Anonymous
Anonymous asked in Arts & HumanitiesPerforming Arts · 1 decade ago

Why do oboes tune orchestra?

I'm a principal oboist of school orchetra, and I always give A's to tun the orchestra. But I still don't know why oboes tune the orchestra. I tried to research and here are the couple of possible answers.

1. Oboe is the easiest instrument to play in tune.

2. Oboe is the least adjustable instrument.

3. Oboe can play the overtones most easily.

4. Oboe has the least amount of overtones.

as you can see, #1 and #2 kinda contradicts each other, so does #3 and #4. Personally, I think it's either #3 or #4, but i'm not sure. Is there any other reason beside these?

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  • Anonymous
    1 decade ago
    Favorite Answer

    I have the REAL answer to this one. It's kind of weird, but a professional oboist AND my band teachers told me this.

    Apparently, the oboe is the only instrument that cannot be "otherwise tuned". You cannot tune an oboe. If you study internments carefully, you will find that they can all be tuned. Brass instrument with slides, woodwind, by pulling out the mouthpiece. But try pulling out the mouthpiece of an oboe to tune it will alter the air so much that you cannot play it properly.

    An oboe is tunes at the time it is made, using high-tech tuners. Its sound will always remain the same. It cannot go sharp, and it cannot go flat. It will always retain its pure, perfectly tuned note. Make a very slight adjustment on any other instrument, the sound goes flat or sharp.

    There you have it. The reason an oboe is always used is because it is the only instrument that cannot be tuned by hand, thus forever retaining its perfect factory-tuned notes.

    So, yes, your theory with #1 and #2 are on the right track.

    Forgive my if parts are sort of incorrect, like the mouthpiece and oboe part. I've never touched a woodwind in my life.

    I play the French Horn.

  • 4 years ago

    Orchestra Tuning

  • Anonymous
    5 years ago

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    RE:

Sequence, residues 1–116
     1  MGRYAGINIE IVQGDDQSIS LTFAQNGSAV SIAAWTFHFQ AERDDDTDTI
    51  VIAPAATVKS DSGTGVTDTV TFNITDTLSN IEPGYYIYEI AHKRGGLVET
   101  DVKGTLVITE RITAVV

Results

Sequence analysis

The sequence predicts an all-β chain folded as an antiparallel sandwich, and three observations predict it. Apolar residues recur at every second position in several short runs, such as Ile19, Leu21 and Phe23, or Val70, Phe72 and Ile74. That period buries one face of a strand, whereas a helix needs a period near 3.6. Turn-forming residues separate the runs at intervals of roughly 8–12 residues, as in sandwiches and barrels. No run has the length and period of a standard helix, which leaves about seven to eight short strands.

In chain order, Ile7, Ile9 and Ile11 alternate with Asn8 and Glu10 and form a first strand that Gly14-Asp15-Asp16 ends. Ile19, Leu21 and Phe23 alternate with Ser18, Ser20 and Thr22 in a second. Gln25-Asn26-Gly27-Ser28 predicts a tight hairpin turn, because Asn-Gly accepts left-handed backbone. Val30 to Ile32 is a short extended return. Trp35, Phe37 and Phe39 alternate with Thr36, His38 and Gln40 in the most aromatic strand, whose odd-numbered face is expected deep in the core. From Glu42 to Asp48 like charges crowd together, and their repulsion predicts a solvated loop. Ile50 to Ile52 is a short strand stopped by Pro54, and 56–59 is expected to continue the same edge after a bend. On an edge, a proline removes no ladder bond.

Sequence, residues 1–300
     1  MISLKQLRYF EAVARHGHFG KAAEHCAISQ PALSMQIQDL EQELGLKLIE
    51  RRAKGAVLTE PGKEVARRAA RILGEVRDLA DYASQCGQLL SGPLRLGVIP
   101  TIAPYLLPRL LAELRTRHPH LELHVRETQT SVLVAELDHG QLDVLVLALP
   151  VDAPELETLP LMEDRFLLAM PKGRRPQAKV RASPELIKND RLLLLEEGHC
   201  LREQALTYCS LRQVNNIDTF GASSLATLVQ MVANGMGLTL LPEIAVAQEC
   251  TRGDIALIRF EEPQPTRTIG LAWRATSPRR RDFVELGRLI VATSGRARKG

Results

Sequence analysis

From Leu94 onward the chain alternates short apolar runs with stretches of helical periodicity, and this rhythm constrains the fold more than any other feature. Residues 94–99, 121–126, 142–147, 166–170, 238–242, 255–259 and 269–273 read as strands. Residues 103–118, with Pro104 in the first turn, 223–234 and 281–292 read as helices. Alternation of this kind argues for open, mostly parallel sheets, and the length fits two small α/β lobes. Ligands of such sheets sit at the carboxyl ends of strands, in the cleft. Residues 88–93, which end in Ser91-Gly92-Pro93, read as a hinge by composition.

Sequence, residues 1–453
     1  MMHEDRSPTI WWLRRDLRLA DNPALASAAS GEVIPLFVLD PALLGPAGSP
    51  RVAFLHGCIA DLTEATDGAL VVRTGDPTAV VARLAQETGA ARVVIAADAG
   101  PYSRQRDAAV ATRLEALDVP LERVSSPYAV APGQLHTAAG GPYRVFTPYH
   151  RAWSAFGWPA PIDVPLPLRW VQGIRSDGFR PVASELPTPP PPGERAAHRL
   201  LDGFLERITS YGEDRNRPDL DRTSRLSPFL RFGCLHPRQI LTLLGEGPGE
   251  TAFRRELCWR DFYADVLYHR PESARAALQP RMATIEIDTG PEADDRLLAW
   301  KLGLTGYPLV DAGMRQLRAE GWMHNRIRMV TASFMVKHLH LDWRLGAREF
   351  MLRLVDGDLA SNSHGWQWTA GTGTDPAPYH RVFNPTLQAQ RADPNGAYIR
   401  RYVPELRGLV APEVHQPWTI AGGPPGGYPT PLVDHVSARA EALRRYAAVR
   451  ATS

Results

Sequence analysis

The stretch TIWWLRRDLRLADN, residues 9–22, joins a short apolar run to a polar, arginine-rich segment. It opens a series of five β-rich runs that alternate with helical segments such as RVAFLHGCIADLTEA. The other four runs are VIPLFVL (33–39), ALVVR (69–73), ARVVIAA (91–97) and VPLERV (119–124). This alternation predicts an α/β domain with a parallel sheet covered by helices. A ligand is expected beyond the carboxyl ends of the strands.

Why do oboes tune orchestra?

    I'm a principal oboist of school orchetra, and I always give A's to tun the orchestra. But I still don't know why oboes tune the orchestra. I tried to research and here are the couple of possible answers.

    1. Oboe is the easiest instrument to play in tune.

    2. Oboe is the least...

    Source(s): oboes tune orchestra: https://biturl.im/0mqrq
  • 4 years ago

    As was said, the oboe gives the A. If an orchestra is playing a piece for only strings, the concertmaster will give the A. Only beginner level orchestras need anything else. Musicians do their preliminary tuning backstage, then do a final tuning on stage. They also warm up backstage. The temperature may be different on stage making the pitch vary somewhat, so the final tuning in professional groups is always done on stage.

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  • 1 decade ago

    First not all orchestras tune to oboe. It is also common to tune to the Clarinet, and I've seen them tune to the low brass as well or on rare occasions the mallet instruments of the percussion. (Some has to do with conductors preference)

    Therefore some of it has to do with tradition.

    The reason the orchestra tunes to the oboe is because they can not adjust their instrument. All intontation relies on the embourchure.

    It is also an instrument that is the middle of the tonal range, therefore it is better to tune.

    Oboes also have the ability to project over the orchestra and can be heard during tuning. Could you imagine trying to tune to a violin?

  • 7 years ago

    I've seen the orchestra tune to the piano in the event that a piano concerto is about to be played. But the oboe is generally the norm.

  • Anonymous
    1 decade ago

    That's a good question. In college we used to use a strobe tuner (electronic) but oboes usually hold that distinction. If I had to guess I think it would be because of its clear distinct sound. The timbre lends itself to violins, other strings, woodwinds, high brass. Whereas if you wanted the least adjustable it'd probably be the bassoon but its "A" would be an octave lower (too low for upper strings) . I don't know ...that's a GOOD question.

  • 6 years ago

    My band teacher told me that all the other instruments leaned toward the oboe and the sound made it very clear. Also he said that it can't be tuned.

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